On the way up Roger's Pass I noticed the trusty dodge was running a little warm....oh well we're almost to the top and now we're even closer to all of those 4000 trout per mile.  As we drop into Wolf Creek, the weather clears and we glimpse the mighty Mo for the first time.  It doesn't look THAT much different than the Clark Fork, which is not surprising considering the absolute deluge that blasted the Missouri River corridor the night before.  It's HUGE but it is running clear, thanks to Hauser Dam.  We head downriver to Craig MT and Headhunters fly shop for some last minute advice and a shuttle.  Apparently the knob-turners (local jargon for the US Army Corps. of Engineers who control flows out of Hauser Dam) have decided today was a good day to dump another 3000 cfs over the dam in a attempt to keep up with inflows.  Well we're here, the water is clear-at least above the Dearborn, and there are 4000 trout per mile here after all.  After picking up a few must have flies, we heed the last bit of advice "don't be afraid to fish the hole on someone's lawn, just remember to wave as you float through".
Well the Missouri didn't disappoint, even for non-dredgers like Marshall and I.

Day one was spent getting used to chucking and ducking that long of leaders with that much weight.  It also brought quite a few fish, and as usual Brooks spent most of the time on the sticks (one advantage of a guide buddy, they fall into their routine so easily!  Just kidding Brooks, you know I'm always offering to row!)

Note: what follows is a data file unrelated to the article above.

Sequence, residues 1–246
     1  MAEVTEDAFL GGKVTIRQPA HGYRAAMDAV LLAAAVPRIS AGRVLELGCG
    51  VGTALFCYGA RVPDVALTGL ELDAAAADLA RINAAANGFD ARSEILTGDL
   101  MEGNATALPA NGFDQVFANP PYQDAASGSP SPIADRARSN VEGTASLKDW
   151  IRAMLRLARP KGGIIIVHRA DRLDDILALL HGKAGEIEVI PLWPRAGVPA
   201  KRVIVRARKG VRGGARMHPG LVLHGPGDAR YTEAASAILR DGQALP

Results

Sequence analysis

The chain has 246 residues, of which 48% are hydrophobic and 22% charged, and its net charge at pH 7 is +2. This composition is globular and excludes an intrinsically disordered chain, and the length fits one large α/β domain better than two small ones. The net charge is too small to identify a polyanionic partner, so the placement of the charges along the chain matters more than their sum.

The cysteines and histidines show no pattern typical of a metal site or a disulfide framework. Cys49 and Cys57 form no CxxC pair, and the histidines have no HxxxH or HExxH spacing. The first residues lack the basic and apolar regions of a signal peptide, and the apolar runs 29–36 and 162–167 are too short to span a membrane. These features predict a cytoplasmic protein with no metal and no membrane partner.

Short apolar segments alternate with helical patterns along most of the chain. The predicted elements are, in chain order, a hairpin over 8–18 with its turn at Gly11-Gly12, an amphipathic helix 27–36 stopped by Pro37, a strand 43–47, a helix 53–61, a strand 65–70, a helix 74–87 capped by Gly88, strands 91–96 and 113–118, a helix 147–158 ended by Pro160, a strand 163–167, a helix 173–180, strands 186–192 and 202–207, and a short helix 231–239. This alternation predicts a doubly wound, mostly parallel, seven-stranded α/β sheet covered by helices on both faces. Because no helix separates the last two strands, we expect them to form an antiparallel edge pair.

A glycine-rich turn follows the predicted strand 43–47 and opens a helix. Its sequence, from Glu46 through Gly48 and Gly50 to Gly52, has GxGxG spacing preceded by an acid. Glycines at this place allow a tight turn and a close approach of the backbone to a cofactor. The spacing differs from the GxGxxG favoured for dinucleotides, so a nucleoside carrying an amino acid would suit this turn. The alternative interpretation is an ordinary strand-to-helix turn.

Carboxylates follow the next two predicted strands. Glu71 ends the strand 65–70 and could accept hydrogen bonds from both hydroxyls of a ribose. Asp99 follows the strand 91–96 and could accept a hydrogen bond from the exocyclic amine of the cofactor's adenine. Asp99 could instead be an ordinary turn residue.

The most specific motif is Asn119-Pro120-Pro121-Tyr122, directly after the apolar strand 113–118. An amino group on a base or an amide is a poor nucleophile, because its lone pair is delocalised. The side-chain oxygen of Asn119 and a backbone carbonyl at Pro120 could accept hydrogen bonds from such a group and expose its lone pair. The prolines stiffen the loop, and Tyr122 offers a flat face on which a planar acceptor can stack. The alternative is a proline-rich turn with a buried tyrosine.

Oh yeah, part of that routine is netting your fish and taking pictures.....

Day two dawned nice again, but again the knob-turners bumped the flows, oh well maybe now we'd be fishing soft water behind porch steps, but the fish were still there somewhere.  Nothing another 6-8" of leader and another little split shot wouldn't take care of.  Once again the Missouri gave it up like a freshman cheerleader on prom night to the homecoming king.

By the time we got to the takeout there were a few fish rising, after a quick round of rock-paper-scissors Marshall got to throw to the risers.

I told him he risked his built up dredging mojo casting to risers, but what do you do?  We hand't seen fish rise in almost 6 months.
With the boat loaded up we reluctantly prepared ourselves for the trip back over the divide and into the western half of the state and the biblical flows that were the reality getting ready to slap us upside the head.

It was tough driving away from the Mo and her rising fish.  After a quick gas stop in Wolf Creek it was homeward bound.  15 miles out of Wolf Creek my trusty-ish dodge began running warm again.  Damn, I was hoping that sh*t would have magically fixed itself during one of the shuttles, or at least waited until we were back home to really go belly up.  Well not only did it run warm, it overheated.  Not only did it overheat, it puked most of the coolant out the overflow tank.  There we sat, a long ways from home, and less than 20 miles from the Mo and her 4000 fish per mile.  I would be lying if I said thoughts of coasting back into Wolf Creek and fishing some more didn't cross my mind.  Unfortunately reason prevailed and after a phone call to my cousin he agreed to bring a trailer to haul my truck home.  Another call to Brook's wife and she agreed to come and rescue him and his boat.